• There is a need to co-ordinate efforts across central and local government agencies to build strong, resilient communities.
  • Government can better support community-level change by investing in organisations and community infrastructure as well as front-end interventions.
  • Investment should be evidence-informed, and mechanisms for disseminating learning and putting it into practice are needed.

 

Create a supportive policy context

Across government, policies and regulations need to be aligned so that they support, rather than undermine, the goal of helping communities to help themselves. This can be through direct policies on community-level investment and funding, procurement policies, and also broader social and economic policies that affect the capacity of communities to engage in community action (Torjman et al., 2004). To achieve such alignment, greater co-ordination is needed within and across central government departments, based on a high-level commitment to community-level work.

Successive New Zealand governments have recognised the key role communities can play in achieving social policy goals, and the importance of building strong, resilient communities. However, government support for community-level initiatives remains fragmented and unco-ordinated, and key opportunities to support communities to help themselves are being missed.

For example, Jennings (2014) notes a surprising lack of central government interest in community economic development (CED) and social enterprise, given the broad social, economic and environmental benefits attainable at little or no cost to the taxpayer: “There are many fine examples of CED and social enterprise in our communities…but the foundations and systemic supports are not in place to enable this space to grow and thrive as it potentially could” (Jennings, 2014, p 7).

Commentators note that government procurement policies and practices do not currently recognise or value the wider community benefits provided by not-for-profit social-service providers (Neilson et al., 2015) or social enterprises (Jennings, 2014). These benefits include employment, social inclusion, empowerment, and development of community capacity to address issues collectively (Burkett, 2010; Neilson et al., 2015). There is an opportunity for the New Zealand government to follow Australia and other governments in promoting a social-procurement approach, wherein government agencies harness their procurement budgets to deliver additional social value in communities (Burkett, 2010).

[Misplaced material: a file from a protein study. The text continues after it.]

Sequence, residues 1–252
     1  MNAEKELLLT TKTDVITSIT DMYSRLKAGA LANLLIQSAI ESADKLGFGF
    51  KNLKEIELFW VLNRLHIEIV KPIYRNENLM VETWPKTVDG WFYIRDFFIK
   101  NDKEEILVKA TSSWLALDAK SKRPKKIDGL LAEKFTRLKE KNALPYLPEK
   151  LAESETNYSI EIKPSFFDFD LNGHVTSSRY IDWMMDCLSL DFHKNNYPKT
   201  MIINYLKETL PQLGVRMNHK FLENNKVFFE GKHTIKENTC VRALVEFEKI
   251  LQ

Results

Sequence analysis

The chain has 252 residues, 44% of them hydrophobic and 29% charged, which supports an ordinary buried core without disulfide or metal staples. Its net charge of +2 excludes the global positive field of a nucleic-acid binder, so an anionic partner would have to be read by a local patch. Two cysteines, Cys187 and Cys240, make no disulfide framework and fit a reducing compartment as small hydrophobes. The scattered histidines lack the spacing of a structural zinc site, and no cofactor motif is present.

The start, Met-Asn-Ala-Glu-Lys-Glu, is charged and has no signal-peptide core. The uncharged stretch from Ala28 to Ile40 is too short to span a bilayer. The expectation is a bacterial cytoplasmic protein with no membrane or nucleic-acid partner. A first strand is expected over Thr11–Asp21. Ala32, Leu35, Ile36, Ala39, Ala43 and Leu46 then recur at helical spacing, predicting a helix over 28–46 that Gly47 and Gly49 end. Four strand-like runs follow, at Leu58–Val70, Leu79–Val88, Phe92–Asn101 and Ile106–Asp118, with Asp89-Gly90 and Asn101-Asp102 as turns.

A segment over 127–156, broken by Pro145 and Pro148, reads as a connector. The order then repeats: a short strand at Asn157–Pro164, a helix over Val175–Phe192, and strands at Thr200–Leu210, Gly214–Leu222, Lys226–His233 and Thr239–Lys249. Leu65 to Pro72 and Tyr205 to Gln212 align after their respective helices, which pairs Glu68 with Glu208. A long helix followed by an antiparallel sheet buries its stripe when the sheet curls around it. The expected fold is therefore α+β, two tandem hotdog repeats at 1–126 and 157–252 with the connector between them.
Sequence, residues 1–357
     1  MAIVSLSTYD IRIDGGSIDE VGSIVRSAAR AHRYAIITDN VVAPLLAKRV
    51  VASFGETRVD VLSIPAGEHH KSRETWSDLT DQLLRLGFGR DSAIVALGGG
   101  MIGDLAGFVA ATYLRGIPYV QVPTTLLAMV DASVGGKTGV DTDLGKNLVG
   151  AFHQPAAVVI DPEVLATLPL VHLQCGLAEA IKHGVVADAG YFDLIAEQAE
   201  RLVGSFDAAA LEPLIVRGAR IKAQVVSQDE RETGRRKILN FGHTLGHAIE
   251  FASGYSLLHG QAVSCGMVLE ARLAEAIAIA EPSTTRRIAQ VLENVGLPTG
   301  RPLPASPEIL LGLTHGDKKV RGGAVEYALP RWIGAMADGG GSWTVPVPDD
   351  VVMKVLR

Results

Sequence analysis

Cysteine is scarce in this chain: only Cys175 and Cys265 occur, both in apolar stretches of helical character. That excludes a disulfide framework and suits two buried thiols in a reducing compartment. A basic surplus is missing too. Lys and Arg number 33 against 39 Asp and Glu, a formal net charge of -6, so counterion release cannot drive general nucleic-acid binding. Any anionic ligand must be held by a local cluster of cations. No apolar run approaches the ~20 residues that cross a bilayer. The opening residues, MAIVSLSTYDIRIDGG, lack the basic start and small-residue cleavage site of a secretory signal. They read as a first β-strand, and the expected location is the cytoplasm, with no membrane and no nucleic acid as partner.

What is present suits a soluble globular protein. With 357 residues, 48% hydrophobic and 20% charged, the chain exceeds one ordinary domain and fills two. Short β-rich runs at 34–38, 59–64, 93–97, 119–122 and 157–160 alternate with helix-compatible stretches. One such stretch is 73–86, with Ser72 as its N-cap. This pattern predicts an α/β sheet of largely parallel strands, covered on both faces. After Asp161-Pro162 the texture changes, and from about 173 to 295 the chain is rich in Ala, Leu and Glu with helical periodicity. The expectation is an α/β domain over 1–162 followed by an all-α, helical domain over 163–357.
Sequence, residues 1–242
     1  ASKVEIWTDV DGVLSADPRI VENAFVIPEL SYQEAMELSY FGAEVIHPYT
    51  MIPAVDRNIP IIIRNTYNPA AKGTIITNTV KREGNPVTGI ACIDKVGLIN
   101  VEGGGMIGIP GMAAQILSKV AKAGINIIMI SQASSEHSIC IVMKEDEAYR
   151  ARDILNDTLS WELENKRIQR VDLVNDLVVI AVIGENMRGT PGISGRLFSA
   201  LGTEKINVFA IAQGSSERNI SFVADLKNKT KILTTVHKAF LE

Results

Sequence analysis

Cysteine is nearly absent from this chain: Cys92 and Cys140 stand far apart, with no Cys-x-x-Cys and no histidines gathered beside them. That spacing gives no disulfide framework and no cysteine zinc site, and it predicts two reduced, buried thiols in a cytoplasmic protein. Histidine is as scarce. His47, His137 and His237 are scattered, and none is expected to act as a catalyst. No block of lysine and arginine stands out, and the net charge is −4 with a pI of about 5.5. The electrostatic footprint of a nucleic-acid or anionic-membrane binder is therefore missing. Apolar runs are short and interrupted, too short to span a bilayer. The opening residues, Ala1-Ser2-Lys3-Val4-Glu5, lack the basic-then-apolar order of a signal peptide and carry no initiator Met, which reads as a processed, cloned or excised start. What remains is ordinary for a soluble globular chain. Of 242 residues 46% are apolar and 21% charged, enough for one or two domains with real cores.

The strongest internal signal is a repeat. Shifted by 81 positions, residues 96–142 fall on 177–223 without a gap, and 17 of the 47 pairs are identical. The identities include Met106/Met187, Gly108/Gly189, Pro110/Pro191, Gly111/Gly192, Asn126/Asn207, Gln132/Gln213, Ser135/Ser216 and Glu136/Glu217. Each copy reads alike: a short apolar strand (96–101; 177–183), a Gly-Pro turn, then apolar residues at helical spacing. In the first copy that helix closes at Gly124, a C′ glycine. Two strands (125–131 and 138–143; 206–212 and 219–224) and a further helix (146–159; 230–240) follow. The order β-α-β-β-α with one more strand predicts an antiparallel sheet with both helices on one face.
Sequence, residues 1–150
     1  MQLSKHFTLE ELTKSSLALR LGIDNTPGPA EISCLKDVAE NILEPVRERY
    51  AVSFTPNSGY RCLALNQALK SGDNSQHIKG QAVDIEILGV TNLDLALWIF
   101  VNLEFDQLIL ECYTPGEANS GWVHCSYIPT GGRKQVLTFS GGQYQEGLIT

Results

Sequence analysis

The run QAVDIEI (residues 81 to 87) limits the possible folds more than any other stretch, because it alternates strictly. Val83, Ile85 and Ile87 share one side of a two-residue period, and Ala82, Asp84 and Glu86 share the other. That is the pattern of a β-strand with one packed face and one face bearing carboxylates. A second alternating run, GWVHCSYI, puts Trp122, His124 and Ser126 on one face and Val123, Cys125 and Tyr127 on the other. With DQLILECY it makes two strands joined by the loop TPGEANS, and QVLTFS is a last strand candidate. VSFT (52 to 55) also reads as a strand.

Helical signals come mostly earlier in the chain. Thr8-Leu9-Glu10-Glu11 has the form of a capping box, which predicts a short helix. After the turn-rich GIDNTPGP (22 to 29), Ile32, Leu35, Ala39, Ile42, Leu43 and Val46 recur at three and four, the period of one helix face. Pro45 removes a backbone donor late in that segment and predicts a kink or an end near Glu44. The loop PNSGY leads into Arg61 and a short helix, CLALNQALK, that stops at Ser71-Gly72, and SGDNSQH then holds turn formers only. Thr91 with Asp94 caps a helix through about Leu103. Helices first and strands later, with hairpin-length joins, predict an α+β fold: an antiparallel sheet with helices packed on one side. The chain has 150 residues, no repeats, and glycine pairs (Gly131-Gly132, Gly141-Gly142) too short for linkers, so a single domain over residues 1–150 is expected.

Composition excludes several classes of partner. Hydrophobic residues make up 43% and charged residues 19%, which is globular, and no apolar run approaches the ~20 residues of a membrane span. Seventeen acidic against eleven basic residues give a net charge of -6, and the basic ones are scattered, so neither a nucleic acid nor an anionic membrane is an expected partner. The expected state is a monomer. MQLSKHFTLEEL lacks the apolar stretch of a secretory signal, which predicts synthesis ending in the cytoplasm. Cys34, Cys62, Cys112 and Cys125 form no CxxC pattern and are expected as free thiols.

Central government also has an important role to play in creating a policy environment that supports the achievement of communities’ objectives – for example, reducing alcohol harm, reducing family violence, or reducing unemployment. As previously noted, “Community initiatives depend on a supportive policy environment to make a difference in people’s lives. Local-level action in isolation is unlikely to ameliorate the effects of a policy environment hostile to its goals” (Casswell, 2001).  

In summary:

  • A key role of central government is to create an environment in which community-level innovation and entrepreneurialism can thrive.
  • Broader social and economic policies can impact on the capacity of communities to develop local action.
  • The impact of community-level initiatives is enhanced when their objectives are supported by the wider policy environment.
  • Social procurement may be an innovative way for government to support communities and deliver additional social value.

 

“Poverty is a complex issue shaped by multiple forces at multiple levels. Solutions will require effective collaboration between multiple stakeholders, careful attention to both local contexts and macro influences, a long term investment horizon, a commitment to learning, and patience and time to see transformative results.”

–    Collective and Collaborative Place Based Initiatives: What Works, What Matters and Why (Inspiring Communities and Tamarack, 2014, p 3)

 

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ISBN 978-0-947489-04-5 (online)

 

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  1. www.superu.govt.nz/effective_community_level_change

  2. A review of the definitions of community-level initiatives is provided in the literature scan that was used to scope the research. See www.superu.govt.nz/effective_community_level_change

  3. For example, New Zealand’s increasing ethnic diversity is not yet well-reflected in literature looking at what works in specific ethnic communities (beyond Māori, Pākehā and Pacific communities).

  4. As noted in the introduction, the term ‘community’ is used in this report to cover geographic communities, communities of interest or affiliation, and ethnic communities, including hapū and iwi.

  5. Examples of successful partnerships are provided in Section 2 of this report.

  6. See: www.communitiesthatcare.net/research-results/

  7. ‘Collective impact’ is defined as a collaborative, disciplined, cross-sector approach to solving social and environmental problems on a large scale (Kania et al., undated).

Last update: 26 May 2016